Written by Elzabi Rimington on October 15th, 2012

My Introduction To Sociology   no comments

Posted at 8:57 am in Sociology

I have chosen the topic of cryptography on the web and the disciplines of sociology and politics/political science (still undecided).

I decided the best way to start the process of research was to avoid looking at my topic in much depth and focus on grounding my knowledge in the two disciplines I’ve chosen. My reasoning was that this would better allow me to think about the cryptography within the context of my disciplines rather than read cryptography first and then need to refresh my understanding within new contexts of my chosen disciplines.

Whilst I am still undecided as to whether I will choose political science (a more theoretical approach to the nature of politics) or simply politics (closer to political history) but I am certain of my decision to examine the discipline of sociology. Having previously been heavily cognition/neurology oriented within psychology and less socially minded I felt this was a perfect opportunity for self development and so the choice of sociology was a ‘no-brainer’. Whilst psychology might be often associated with sociology, being that they are both social sciences, my particular psychological background means sociology is by all means a good distance outside my comfort zone.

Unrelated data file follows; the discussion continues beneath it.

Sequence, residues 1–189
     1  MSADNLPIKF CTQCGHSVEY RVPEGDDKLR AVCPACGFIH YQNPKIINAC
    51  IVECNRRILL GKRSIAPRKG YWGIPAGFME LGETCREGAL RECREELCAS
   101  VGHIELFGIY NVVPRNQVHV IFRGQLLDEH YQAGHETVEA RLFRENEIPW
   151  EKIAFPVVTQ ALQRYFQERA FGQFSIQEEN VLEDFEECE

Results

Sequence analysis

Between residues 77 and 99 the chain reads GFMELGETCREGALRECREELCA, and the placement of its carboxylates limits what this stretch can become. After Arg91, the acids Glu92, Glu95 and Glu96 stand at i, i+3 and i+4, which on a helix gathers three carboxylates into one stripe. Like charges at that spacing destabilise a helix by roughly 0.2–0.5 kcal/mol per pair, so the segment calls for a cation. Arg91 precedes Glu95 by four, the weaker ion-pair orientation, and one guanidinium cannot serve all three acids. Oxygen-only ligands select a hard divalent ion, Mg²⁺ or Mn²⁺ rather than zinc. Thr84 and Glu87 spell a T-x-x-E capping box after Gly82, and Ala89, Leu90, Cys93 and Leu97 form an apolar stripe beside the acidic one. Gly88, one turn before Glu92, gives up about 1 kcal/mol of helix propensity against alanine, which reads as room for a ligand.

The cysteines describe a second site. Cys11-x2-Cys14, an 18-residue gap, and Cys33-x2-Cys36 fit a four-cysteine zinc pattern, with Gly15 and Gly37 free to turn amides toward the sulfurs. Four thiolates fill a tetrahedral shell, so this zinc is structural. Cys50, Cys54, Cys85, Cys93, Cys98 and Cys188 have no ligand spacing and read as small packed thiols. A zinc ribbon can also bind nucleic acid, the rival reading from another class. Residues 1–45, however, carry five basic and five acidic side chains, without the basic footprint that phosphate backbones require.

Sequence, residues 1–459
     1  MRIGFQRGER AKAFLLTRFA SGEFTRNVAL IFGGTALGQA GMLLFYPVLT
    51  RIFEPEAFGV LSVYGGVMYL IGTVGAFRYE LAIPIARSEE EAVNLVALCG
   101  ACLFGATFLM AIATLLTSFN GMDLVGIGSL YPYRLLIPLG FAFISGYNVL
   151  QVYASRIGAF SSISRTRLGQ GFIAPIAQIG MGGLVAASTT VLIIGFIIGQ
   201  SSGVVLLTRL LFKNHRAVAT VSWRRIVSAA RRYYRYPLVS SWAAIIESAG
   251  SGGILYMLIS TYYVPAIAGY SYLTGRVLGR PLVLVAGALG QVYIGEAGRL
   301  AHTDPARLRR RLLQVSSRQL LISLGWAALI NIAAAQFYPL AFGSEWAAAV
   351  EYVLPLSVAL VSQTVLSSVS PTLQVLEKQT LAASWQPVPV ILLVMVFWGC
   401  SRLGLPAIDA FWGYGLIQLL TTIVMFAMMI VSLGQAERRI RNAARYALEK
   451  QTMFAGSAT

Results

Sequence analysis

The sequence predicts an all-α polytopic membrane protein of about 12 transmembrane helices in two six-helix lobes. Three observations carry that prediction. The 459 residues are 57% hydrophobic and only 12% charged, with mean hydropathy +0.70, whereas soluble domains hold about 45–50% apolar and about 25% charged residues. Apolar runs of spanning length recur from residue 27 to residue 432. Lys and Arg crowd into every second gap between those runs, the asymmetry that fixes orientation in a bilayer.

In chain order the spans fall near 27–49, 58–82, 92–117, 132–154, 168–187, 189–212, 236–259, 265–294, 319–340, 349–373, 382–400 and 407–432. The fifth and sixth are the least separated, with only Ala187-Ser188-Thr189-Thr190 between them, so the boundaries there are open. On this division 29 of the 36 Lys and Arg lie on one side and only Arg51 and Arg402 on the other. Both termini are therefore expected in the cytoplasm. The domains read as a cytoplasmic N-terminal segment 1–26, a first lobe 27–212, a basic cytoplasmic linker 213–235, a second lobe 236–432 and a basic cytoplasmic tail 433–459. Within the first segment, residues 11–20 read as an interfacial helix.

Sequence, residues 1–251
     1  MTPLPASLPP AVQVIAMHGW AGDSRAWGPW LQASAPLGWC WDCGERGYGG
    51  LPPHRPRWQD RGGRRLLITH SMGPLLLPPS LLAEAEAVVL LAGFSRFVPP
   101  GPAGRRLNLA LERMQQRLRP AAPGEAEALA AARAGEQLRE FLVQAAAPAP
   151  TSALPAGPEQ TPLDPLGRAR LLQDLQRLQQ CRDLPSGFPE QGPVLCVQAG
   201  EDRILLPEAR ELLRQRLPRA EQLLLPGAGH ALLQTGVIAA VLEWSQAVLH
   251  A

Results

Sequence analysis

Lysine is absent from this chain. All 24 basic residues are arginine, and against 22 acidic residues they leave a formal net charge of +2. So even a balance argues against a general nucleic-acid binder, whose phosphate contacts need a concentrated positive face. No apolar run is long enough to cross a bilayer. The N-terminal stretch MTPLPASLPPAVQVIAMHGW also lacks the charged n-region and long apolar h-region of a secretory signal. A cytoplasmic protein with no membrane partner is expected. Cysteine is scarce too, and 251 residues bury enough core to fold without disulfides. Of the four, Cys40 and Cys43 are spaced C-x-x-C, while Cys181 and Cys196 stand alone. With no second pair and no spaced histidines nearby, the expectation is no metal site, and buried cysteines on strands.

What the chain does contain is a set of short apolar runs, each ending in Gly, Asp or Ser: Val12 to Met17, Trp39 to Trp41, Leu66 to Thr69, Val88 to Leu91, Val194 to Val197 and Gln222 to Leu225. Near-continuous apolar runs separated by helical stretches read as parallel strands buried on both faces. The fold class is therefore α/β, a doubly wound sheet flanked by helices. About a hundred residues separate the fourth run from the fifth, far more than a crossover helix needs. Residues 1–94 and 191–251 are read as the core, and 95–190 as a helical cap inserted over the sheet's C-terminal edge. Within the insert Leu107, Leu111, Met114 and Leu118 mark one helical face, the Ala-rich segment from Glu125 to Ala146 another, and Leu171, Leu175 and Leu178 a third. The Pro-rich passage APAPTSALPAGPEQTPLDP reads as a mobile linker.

I searched initially for “undergraduate sociology reading list[s]” and located an undergraduate reading list from City University London, University of Warwick and Brunel University London all of which touted Ken Plummer’s Sociology: The Basics as providing a sturdy foundation for undergraduate students. As such, this has been my first textbook on the topic of sociology.

The book establishes a basic description of sociology as a lens through which to view, examine and interpret the world. It is noted that “social” in sociology can have two similar but distinct interpretations. The first interpretations is “social” meaning the social ‘entity’ or ‘agent’. The second interpretation recognises “society” as a cumulative entity comprised of multiple agents. To make an analogy; this is the difference between describing the ways in which individual birds in a flock are influenced by their surroundings and describing the seemingly single entity that all the birds, moving together, appear to form.